We woke up to sounds of crackling snaps of lightning, followed by booming thunder, and thundering pounding of torrential rains pelting our resort. It was a full-blown typhoon. When we went out for breakfast, no one was there to brave the rains, everyone just ordered room service. We were supposed to go on an adventure safari today, but given the Noah-level rains, it might not be a good idea to go trekking in the forest, or whatever that tour we got into was all about.
So we resigned ourselves to the fact that our last full day at Koh Samui will be spent locked up in our room, watching TV or maybe surfing the internet. Then eventually, the rain started to weaken, and the tour guide went to our resort to pick us up. Seriously? With Typhoon Endoftheworld upon us, we were going on some adventure in a jeep? They said the rains weren’t so bad (which was true) and that we’d survive, adventurers that we were.
So against our better judgment and instincts of survival, we went. And boy are we glad we did! We got to see a lot of things we never thought we’d see in Koh Samui. We boarded these safari type jeeps (there were 3 jeeps in all) and we rode on the roof, much like these guys in the next vehicle. Sooo much fun!!!
First stop: Grandmother and Grandfather Rocks. Supposedly, an old couple died on these rocky shores and turned their…uhm…private parts into stone. See for yourself. I’m sure you’ll know which is the lolo and which is the lola.
We were like, we drove all this way to see stone representations of geriatric genitals? But the shore was nice. Next stop, another bizarre tourist stop, the mummified monk. The revered monk was not decaying after his death so his followers decided to encase him in glass. It’s not bizarre to mummify a revered person. What’s bizarre to me is the decision to put what looks like “Risky Business”-type shades on him. It seems a bit incongruous with his Buddhist robes. A bit jeprox for such a solemn temple. I’m sure they very good reasons, like maybe the eye sockets are already caved in or something, it just looks odd to me.
Next stop was the Na Muang animal thingy. They had these close encounters with animals, some animals shows, and photo ops with some of the animals which in the wild you wouldn’t usually approach.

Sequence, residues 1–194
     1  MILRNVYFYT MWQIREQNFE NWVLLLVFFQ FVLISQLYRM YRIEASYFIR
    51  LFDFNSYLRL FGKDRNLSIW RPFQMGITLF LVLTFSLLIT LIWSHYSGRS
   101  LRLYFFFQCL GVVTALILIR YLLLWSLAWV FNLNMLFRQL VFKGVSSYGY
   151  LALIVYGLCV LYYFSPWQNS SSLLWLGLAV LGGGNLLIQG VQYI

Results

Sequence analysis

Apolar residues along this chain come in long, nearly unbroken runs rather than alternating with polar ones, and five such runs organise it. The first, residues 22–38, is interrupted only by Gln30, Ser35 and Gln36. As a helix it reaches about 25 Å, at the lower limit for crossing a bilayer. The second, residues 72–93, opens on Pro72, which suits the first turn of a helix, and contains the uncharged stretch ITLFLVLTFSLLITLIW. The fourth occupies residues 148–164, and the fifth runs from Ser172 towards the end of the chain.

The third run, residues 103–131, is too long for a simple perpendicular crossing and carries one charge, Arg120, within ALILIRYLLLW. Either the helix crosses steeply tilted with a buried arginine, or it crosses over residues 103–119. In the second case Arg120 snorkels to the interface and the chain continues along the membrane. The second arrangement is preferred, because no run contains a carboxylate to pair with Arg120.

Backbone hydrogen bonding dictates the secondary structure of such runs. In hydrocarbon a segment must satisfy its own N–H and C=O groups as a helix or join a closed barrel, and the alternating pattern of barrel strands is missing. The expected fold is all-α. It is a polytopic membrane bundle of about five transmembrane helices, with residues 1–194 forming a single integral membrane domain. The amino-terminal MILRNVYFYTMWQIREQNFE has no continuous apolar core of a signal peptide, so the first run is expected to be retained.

But of course inasmuch as I was excited like a kid to have such close encounters with wild animals, I was still saddened since zoos and circuses are bittersweet for me. I love seeing the animals, but of course these animals should be running free in their natural habitat, not caged and chained. And with rumored cruelty in some circuses, I can’t help but feel bad for them. So after the high of seeing them up close and even touching them, I felt a bit depressed and guilty for having done so. But I won’t lie, guilt aside, it was an exhilarating experience.
After a nice lunch on a mountain top looking over the forest, we got up close and personal to this sticky white liquid that is often associated with condoms:
What is it? The sap from the rubber tree, of course! What were you thinking? It’s weird, after a while, once it dries out, it really becomes rubbery, like Elmer’s glue when it dries out. After that we hopped onto our jeeps again and drove to a creepy place called Secret Garden, where they had grotesque statues of people and gods and monsters and animals, hidden away in a wooded area with a river and lots of trees. I don’t know, but it really creeped me out.
After that, our last stop, Koh Samui’s Giant Buddha. I don’t know what it is about the place, but it really touched something inside of me. Nothing special really, I’ve seen many temples in Thailand, especially during my last visit, but something happened there. I can’t explain it, but something happened. For fear of being mocked, let’s just leave it at that.
So there ended our adventure for the day. What started out as a stormy morning, turned out to be an action-packed day. I’m really glad the weather cooperated, I’ve never done anything quite like this, and I’m grateful we were able to do it.
Tomorrow: we leave for Bangkok.